1.10 A number of respondents sought additional information and clarification on issues raised in the DSP and ER, some of which were already addressed in part in the SI document. In response to those requests the Scottish Government has now prepared separate documents drawing on information in the DSP, ER and SI, supplemented and updated by additional information received since those documents were published in January 2010.
1.11 These additional documents ( Ref 9) cover:
- Radiation and Radioactivity
- Higher Activity Radioactive Waste in Scotland
- Legislative and Regulatory Framework for the Management of Radioactive Waste
- Treatment Options for Radioactive Waste
- International Examples of Near-Surface Facilities
- Retrievability and Reversibility
- Glossary of Terms
1.12 These documents illustrate that the Scottish Government Policy reflects existing practice in other countries, in some cases near-surface facilities have been operating for many years. They will be published separately on the Scottish Government website. The intention is that they will be individual documents which can be revised and updated more easily. This will enable them to reflect more timely any changes in facts or technological advances to inform the next stages of this process, particularly the Implementation Strategy outlined in Section 3.
Scottish Government Policy Statement and Implementation Strategy
1.13Section 2 of this document is the Scottish Government Policy Statement for higher activity radioactive waste arising in Scotland. The waste to which the Policy applies is defined in Section 2 as are those materials such as spent nuclear fuel which are specifically excluded from the Policy.
1.14 This is a high level Policy which provides the framework for the long-term management of the waste. The Policy is not prescriptive in its approach, recognising that it applies to waste:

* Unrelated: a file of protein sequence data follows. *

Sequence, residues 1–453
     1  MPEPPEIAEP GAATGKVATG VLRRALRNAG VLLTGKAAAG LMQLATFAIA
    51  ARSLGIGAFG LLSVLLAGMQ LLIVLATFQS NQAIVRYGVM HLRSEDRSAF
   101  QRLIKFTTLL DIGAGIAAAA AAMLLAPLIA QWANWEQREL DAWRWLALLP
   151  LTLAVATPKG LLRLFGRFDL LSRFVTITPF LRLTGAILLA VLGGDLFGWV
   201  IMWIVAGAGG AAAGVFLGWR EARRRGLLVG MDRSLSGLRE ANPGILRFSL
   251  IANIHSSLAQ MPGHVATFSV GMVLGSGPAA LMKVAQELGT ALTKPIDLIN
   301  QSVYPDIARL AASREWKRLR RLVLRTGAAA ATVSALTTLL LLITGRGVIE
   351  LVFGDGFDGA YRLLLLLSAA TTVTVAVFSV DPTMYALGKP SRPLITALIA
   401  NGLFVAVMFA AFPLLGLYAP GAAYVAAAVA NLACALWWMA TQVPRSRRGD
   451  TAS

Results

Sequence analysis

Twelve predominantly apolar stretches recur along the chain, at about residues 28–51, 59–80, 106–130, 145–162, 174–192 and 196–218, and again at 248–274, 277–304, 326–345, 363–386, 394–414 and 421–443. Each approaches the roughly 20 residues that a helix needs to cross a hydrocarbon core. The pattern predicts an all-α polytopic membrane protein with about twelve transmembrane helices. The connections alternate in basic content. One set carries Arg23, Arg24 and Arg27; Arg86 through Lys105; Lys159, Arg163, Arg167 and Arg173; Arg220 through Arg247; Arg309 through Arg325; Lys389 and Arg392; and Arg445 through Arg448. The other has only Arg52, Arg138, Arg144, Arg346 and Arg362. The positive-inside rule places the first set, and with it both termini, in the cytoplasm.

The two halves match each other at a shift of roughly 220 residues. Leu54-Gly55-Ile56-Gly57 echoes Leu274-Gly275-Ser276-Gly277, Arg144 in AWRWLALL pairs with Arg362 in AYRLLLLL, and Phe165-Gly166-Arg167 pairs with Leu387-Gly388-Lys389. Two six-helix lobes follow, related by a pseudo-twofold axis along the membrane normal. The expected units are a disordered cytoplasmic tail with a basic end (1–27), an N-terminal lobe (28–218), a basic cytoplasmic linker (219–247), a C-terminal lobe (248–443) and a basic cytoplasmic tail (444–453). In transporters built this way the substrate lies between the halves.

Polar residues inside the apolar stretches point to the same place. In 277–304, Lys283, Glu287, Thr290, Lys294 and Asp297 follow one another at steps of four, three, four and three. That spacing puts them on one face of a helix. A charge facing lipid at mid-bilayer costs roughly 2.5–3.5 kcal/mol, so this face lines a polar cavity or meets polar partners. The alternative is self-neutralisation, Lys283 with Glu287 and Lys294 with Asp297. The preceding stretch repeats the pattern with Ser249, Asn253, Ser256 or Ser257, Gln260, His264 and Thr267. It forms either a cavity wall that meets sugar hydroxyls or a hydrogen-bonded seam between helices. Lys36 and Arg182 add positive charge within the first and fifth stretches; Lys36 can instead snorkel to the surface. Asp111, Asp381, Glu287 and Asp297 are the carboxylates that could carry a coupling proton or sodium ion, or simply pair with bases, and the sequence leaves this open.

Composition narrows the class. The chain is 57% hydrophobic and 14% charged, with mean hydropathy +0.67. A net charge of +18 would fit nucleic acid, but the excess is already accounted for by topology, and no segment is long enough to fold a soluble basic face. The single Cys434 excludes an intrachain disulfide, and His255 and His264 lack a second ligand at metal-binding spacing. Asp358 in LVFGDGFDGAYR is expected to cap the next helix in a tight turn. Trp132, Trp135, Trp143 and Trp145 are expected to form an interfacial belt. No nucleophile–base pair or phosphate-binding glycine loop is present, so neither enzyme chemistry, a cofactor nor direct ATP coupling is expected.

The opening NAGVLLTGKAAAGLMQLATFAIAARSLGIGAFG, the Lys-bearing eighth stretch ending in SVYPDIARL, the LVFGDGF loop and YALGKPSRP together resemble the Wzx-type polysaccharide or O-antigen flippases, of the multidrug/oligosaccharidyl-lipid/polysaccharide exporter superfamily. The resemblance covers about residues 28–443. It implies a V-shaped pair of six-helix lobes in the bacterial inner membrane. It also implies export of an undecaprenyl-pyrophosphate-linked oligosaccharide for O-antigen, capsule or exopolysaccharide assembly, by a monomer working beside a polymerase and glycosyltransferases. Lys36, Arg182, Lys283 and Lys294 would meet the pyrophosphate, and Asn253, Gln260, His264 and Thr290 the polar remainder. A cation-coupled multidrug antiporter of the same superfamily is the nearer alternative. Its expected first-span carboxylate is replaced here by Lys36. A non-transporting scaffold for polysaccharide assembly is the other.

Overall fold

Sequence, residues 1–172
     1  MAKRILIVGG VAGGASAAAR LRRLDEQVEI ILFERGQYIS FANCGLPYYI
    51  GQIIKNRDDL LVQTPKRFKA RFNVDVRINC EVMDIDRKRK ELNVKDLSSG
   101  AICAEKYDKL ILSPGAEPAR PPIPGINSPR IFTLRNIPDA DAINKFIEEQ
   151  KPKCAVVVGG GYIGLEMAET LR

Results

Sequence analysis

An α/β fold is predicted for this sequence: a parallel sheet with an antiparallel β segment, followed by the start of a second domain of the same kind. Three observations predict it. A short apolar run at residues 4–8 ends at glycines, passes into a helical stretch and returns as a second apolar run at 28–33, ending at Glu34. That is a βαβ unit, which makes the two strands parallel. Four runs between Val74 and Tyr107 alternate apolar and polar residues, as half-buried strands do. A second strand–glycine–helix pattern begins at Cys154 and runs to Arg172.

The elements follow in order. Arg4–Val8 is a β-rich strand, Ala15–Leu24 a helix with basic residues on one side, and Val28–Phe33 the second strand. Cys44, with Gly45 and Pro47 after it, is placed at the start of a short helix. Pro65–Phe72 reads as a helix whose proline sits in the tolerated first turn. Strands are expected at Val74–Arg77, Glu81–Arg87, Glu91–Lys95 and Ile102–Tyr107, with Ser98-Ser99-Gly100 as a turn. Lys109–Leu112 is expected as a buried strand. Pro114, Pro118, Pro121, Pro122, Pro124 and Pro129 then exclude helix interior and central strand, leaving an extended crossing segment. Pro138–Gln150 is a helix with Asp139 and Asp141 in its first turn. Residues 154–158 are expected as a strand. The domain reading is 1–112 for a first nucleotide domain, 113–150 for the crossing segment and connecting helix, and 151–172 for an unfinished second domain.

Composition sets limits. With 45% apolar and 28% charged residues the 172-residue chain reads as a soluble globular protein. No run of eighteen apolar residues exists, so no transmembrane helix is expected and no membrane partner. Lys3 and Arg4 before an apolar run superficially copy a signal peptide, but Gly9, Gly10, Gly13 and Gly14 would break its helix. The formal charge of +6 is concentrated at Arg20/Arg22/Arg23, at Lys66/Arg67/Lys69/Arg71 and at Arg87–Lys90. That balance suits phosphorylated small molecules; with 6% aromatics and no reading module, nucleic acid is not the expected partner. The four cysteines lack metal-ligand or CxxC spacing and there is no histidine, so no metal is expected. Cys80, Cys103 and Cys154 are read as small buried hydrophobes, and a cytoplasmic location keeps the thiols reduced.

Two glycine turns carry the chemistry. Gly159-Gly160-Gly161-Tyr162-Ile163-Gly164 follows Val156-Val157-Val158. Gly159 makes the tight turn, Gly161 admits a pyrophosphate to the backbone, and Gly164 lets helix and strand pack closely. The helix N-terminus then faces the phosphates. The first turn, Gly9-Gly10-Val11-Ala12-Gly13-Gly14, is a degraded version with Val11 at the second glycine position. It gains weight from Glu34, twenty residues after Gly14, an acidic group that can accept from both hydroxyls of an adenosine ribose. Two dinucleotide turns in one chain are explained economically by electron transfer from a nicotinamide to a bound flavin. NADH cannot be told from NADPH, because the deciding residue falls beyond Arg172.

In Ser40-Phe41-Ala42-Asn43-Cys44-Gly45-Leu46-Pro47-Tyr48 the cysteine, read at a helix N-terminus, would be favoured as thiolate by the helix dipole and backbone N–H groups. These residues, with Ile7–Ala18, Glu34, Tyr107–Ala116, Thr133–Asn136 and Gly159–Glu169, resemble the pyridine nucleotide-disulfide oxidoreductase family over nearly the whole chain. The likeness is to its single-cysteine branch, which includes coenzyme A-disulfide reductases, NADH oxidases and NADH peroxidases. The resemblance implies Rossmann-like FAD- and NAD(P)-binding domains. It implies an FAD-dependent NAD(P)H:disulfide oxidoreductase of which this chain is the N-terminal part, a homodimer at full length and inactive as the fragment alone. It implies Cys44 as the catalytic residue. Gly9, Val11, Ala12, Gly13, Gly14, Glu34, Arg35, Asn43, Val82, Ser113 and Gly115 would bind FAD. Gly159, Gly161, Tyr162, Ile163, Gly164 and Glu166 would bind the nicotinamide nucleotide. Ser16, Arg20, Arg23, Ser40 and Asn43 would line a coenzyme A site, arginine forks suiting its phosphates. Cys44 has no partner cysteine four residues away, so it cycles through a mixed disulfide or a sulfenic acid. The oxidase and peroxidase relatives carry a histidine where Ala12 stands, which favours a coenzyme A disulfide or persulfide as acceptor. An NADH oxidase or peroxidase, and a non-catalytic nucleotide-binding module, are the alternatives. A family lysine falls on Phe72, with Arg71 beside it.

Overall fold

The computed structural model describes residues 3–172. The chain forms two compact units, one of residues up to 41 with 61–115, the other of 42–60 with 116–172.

- which may not be produced for decades; and
- for which long-term management options may not be feasible at present or have yet to be developed.
1.15 The Policy provides the framework within which regulators, facility operators, waste producers and owners and the Nuclear Decommissioning Authority ( NDA) will take decisions on the long-term management of the waste and undertake the work, and duties, for which they are responsible. The Policy enables options to be considered which may require research or development, recognising that advances may be made over time to manage wastes for which long-term options are not currently feasible.
1.16 The Policy is explicit that all options for the long-term management of the waste will be subject to robust regulatory scrutiny and cannot be undertaken without approval by the relevant regulatory bodies.
1.17 The Policy requires all long-term management options to be assessed taking account of fundamental principles, including the application of the Waste Hierarchy ( Ref 10) and the Proximity Principle ( Ref 11). The presumption is that options will be undertaken as close to the sites where the waste is produced as is practicable.
1.18Section 3 of this document reflects comments on the DSP and ER on the need to explain in more detail how the Policy will be implemented. The section outlines the process for the Implementation Strategy which will be subject to a Strategic Environmental Assessment and public consultation before it is adopted. Development of the Strategy will be led by the Scottish Government.
Scottish Government Policy
1.19 The Scottish Government Policy is that the long-term management of higher activity radioactive waste, as defined in Section 2, should be in near-surface facilities. Facilities should be located as near to the site where the waste is produced as possible. Developers will need to demonstrate how the facilities will be monitored and how waste packages, or waste, could be retrieved. All long-term waste management options will be subject to robust regulatory requirements.